Over the years, SUVs have been known to attribute a higher risk of causing increased bodily harm to drivers in other cars after a car accident occurs. But now a new study by the Insurance Institute for Highway Safety (IIHS) shows that SUVs and even some pickups are less risky for other drivers on the road, USA Today reported.
The reduction in risk is partially attributed to the improved crash safety that cars and minivans have experienced over the last decade. Technology like airbags, side-impact improvements, and stability control have offered cars increased safety in the face of the danger that SUVs typically introduced to our roadways. But what’s more, car manufacturers have worked with government officials to improve design of SUVs and pickups including a redesign of front bumpers, contributing to the increased safety other drivers have when sharing the road with an SUV.
The safety changes come in wake of the overwhelming statistics that suggest SUVs have been responsible for higher cases of injury after they are involved in car accidents with smaller cars. Size has long been an obvious, unfair advantage as to car accident injury protection. But now as part of their efforts to help stabilize the changing vehicle mix on our roadways, the National Highway Traffic Safety Administration (NHTSA) worked with automakers to address the issue with new, better-designed safety recommendation. Auto manufacturers were eager to comply with safety recommendations to redesign their SUVs front ends so that “their energy-absorbing structures would line up better with those of cars, reducing the likelihood that an SUV or pickup would override a car in a collision.”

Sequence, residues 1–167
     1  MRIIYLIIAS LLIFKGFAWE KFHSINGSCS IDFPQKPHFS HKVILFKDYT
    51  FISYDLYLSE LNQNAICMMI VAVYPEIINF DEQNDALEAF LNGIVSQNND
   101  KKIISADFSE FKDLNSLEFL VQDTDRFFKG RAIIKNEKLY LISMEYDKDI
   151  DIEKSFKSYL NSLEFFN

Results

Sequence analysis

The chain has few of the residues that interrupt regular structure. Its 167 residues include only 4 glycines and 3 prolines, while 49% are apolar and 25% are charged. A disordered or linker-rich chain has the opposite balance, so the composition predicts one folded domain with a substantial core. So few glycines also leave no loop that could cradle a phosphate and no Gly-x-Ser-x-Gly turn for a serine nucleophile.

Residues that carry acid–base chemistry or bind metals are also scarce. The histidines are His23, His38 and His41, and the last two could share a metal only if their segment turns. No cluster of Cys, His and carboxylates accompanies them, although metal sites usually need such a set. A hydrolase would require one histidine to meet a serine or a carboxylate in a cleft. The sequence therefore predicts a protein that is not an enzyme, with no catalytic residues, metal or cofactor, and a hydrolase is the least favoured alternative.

As a part of the safety initiative, automakers agreed to increase head protection to better improve side-impact car accidents.
“By working together, the automakers got life-saving changes done quickly,” says the Institute’s chief administrative officer. “The new designs have made a big difference on the road.”
The deadline for implementing the safety standards was Sept. 2009, but many car manufacturers were eager to get their redesigns on the road. After an analysis of 2004 models, 54 percent of SUVs and pickups were compliant with new safety recommendations made by the NHTSA, thereby contributing to the findings of the new study concluded at the IIHS.
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Michael Pines, founder, has been helping injured people in San Diego seek fair financial recovery since 1992. With three ongoing accident prevention and safety columns at the La Jolla Light, Del Mar Times, and Rancho Santa Fe Review, Michael has been a trusted legal advisor for many injured people throughout San Diego County. For a free and confidential legal review of your car accident injury case, call us now at 1-858-551-2090 or submit your case online.